WASHINGTON — Another bipartisan push is afoot by US lawmakers to bolster funding for Israel's missile defense beyond what is requested by the president in the fiscal 2017 defense budget.

While several influential lawmakers are calling for added funding for such US-Israeli partnership efforts like the Iron Dome air defense system, David's Sling, a medium- and long-range air defense system, and the Arrow family of anti-ballistic missiles, none would say the exact amount being sought.

Yet, Adm. James Syring, Missile Defense Agency director, said during a Senate Armed Services Strategic Forces Subcommittee hearing Wednesday that the request from Capitol Hill for funding on top of the president's request of just under $150 million amounts to a total of "almost $600 million."

Israel traditionally receives significant Ccongressional plus-ups from the administration’s budget request for cooperative missile defense programs. Over the past 10 years, Congress has appropriated $1.9 billion more than was originally requested by successive administrations.

Last year, Congress augmented the administration's request for Arrow and David's Sling programs by more than 100 percent.

The amount anticipated this year is more than what was enacted for Israeli missile defense funding in 2016. The president requested roughly $150 million and Congress enacted $488 million, according to Syring. Israeli missile defense program funding got a boost from Congress in 2015, as well.

Lawmakers seeking a boost for missile defense funding this year said Wednesday that Israeli and US national security are strongly linked and that Israel's missile defense innovations are significant to the US.

"Missile defense is crucially important, and coming out of the Iran deal, we want to make clear our commitment to their security has not wavered," said House Armed Services Ranking Member Adam Smith, D-Wash. "Any threats Israel faces from missiles from the south — from the Gaza Strip, Islamic jihad and Hamas — and from the north and Hezbollah, we want to put them in the position to have a very strong deterrent to that."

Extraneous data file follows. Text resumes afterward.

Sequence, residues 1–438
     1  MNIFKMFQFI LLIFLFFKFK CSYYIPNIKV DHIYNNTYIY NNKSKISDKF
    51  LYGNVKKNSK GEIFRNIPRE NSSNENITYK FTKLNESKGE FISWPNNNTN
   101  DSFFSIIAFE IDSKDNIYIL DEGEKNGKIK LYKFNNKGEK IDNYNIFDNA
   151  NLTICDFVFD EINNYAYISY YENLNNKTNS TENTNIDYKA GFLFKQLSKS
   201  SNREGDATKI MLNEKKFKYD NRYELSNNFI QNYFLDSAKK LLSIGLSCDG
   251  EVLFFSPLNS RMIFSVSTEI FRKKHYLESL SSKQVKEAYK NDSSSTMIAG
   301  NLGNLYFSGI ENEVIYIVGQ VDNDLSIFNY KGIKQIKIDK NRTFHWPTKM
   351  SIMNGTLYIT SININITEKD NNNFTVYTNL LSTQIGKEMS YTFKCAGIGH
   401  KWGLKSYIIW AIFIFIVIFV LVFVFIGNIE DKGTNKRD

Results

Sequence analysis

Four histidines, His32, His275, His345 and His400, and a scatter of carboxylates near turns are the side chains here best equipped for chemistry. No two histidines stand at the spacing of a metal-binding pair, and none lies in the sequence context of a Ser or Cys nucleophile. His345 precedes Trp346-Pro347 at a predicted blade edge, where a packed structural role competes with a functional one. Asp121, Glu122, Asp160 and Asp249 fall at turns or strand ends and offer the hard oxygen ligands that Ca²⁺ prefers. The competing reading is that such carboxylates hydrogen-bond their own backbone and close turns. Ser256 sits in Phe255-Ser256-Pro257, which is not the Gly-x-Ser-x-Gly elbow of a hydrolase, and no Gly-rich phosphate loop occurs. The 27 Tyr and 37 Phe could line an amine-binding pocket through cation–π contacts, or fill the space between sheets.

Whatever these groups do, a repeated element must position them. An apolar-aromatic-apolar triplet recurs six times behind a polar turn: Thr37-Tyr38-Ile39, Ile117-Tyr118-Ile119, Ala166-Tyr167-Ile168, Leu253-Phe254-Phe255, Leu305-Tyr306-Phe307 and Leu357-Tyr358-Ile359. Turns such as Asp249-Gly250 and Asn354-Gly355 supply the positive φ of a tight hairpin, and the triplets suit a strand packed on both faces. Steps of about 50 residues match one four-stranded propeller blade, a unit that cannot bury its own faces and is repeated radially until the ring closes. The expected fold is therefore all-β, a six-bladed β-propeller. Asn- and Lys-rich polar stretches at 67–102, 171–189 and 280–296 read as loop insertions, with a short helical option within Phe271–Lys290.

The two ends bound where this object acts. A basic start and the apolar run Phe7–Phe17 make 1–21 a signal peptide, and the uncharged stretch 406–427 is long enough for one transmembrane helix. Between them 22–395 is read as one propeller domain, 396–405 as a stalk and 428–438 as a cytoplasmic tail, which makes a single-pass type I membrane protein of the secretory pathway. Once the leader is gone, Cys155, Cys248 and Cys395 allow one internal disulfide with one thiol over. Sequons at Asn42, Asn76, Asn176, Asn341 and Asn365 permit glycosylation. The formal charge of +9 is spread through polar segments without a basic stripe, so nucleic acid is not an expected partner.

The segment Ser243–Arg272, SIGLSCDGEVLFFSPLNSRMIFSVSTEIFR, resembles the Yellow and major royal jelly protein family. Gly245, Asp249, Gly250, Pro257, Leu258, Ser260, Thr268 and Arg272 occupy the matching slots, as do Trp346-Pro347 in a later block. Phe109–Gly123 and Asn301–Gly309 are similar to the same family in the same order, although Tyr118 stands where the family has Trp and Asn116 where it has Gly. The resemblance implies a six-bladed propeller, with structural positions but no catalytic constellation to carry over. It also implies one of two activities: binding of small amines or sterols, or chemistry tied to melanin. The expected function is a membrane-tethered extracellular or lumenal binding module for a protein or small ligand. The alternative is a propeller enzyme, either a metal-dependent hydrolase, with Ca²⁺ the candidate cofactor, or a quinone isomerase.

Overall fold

Rep. Steve Israel, D-N.Y., a week after a trip to Israel, said Prime Minister Benjamin Netanyahu raised the issue of Iran's ballistic missile technologies in a meeting with US lawmakers. Israel himself was critical of the nuclear agreement between Washington and Tehran for not addressing it.

"One of the reasons I voted against it is it is silent on the issue of Iran's ballistic missile capabilities," Israel said of the agreement. "Iran is exploiting that silence by increasing its testing. That means we now have to increase our defensive technologies for Gulf Cooperation Council countries and others, which means in the long run we will have to increase our investment in Israel."

Israel is a member of the House Appropriations Subcommittee on Defense, which oversees funding to US missile defense programs, as well as the US-Israel collaborative missile defense programs. He said he supports Congress providing continuous funding for such programs.

On the other side of the aisle, Rep. Trent Franks, an Arizona South Carolina Republican who chairs both the Congressional Israel Allies Caucus and the Missile Defense Caucus, called added funding for Israel’s missile defense "essential."

Franks, who is also vice-chair of the HASC's Emerging Threats and Capabilities Subcommittee, said he told HASC Chair Mac Thornberry, R-Texas, of the need and expects to see action in the drafting of the 2017 defense policy bill, and the coming spending bill.

"We have a lot of allies on the appropriations committee," Franks said. "They understand the vital importance of this in terms of our own national security."